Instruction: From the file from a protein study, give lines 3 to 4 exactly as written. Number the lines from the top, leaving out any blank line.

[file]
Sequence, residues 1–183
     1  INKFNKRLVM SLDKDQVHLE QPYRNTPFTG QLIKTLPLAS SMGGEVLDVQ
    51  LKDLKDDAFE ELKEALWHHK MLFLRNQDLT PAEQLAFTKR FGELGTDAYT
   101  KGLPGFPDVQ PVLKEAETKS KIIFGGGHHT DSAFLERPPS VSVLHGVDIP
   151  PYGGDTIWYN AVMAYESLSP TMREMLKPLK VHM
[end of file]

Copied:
    51  LKDLKDDAFE ELKEALWHHK MLFLRNQDLT PAEQLAFTKR FGELGTDAYT
   101  KGLPGFPDVQ PVLKEAETKS KIIFGGGHHT DSAFLERPPS VSVLHGVDIP